Ben: The album title specifically comes from an exposition that happened in Montreal in the mid 80s and 90s called Images De Futur. It was all about new technology. Holograms and computer graphic stuff that now seems really primitive.
Joe: I mean you’re always thinking about the future. I think that consumes us. I don’t know if that’s good or bad, but it’s just what happens. It’s pretty much the theme of our band.
One of the things I really loved about Zeroes QC is how visceral and dark it is. You get an immediate physical reaction, which I feel is still there on the new one, just a little more obscured.
Ben: We’ve come a long way.
Joe: It’s more crafted.
So, still dark, but now it’s camouflaged danger.
Joe: I like that. Camouflaged danger.
Ben: Yeah, it’s weird because at first our forays into recording were more inline with our new album than our last one. It was more structured. Not as crazy. Then that album happened and I don’t really know why. I’m not sure why the reaction happened that way on this one not on the new one. In a way these songs are more crazy than the last one.
You're right, the tracks sound fuller and warmer this time.
Ben: We put more time into the recording of it. The fact that we did it so quickly last time is the rawness you’re speaking about. Which is the shit in my opinion, it’s like the best stuff, and it is almost impossible to capture.
It has to just happen?
Joe: It has to happen, but it’s nice to move on a little bit and think about stuff. Hopefully it shows in a good way.
So was it quite hard to let go and stop as you had more time?
Ben: Yeah, I think we’re pretty perfectionist. We can get into the minutiae. We can get right down to the molecules.
You’re very much on top of your own visuals too, I hear?
Ben: Joe does all the artwork.
Joe: Yeah, I collaborated, but usually we’re very hands on. Ben does a lot of the video stuff.
Ben: We don’t really have a budget. So if we don’t do it then...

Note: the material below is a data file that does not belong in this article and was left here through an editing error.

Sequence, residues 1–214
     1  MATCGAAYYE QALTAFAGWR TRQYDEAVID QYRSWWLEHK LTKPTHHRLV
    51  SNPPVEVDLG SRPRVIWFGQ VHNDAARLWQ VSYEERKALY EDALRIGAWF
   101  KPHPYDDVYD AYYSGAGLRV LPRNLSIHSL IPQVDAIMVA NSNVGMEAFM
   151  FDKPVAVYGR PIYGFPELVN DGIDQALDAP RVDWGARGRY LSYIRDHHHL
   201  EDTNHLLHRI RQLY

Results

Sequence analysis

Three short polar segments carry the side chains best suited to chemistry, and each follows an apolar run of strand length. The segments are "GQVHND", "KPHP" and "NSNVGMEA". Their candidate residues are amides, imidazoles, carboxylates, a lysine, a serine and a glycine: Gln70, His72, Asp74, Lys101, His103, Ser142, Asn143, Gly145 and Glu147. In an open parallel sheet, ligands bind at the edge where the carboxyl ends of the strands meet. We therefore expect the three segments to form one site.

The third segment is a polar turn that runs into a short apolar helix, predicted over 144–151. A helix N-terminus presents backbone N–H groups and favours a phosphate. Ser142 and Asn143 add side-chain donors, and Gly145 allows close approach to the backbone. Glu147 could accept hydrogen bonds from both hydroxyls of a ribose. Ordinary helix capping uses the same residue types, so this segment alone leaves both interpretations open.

Joe: It’s really hard to find people who are on the same wavelength, especially with videos.
At least no one’s going to misinterpret anything if you do it yourselves.
Do you think your audiences are going to change at all this time round?
Ben: Yeah, I think so. I think some people could get turned off from what you were saying earlier, but maybe will reel some people in. It seems to change from place to place.
What are London people like for you?
Joe: Pretty good. There’s always been a lot of people who come out for shows.
Your Corsica show was heaving and had a really great, intense atmosphere.
Ben: It’s a crazy city to be in, so that gives you some energy as it’s buzzing.
Is that something you’re really attracted to coming from Montreal?
Ben: It’s definitely very different.
Joe: Montreal is a very happening city for North American standards, but you can’t compare any city to London. It’s impossible. Everyone looks amazing.
Ben: Certain cities you feed off of when you arrive. You know there’s potential for something to happen. Our shows have all gone pretty awesome here.
Is that different from back home?
Ben: In North America? There are loads of drunk people just yelling stupid shit.
What are you like at shows?
Joe: Drunk and yelling.
Ben: I’m usually pretty passive. I’m not going to mosh necessarily. Though it will happen.
Who are the best bands from Montreal at the moment as far as you’re concerned.
Joe: There’s a lot of really diverse stuff. The Constellation records stuff is always super interesting. Although not all of it’s from Montreal. That band Each Other is pretty good. Valleys is another awesome band.
Yeah, I saw Valleys at Pop Montreal when I was trying not to pass out from jetlag. They're a bit too quiet for me, but they make really lovely music.
Joe: Yeah, they wont keep you awake. I don’t get out as much as I want. There’s a lot of good bands, it’s crazy. I’d feel bad not naming some of them if I started naming bands.
Very diplomatic. Thanks Suuns.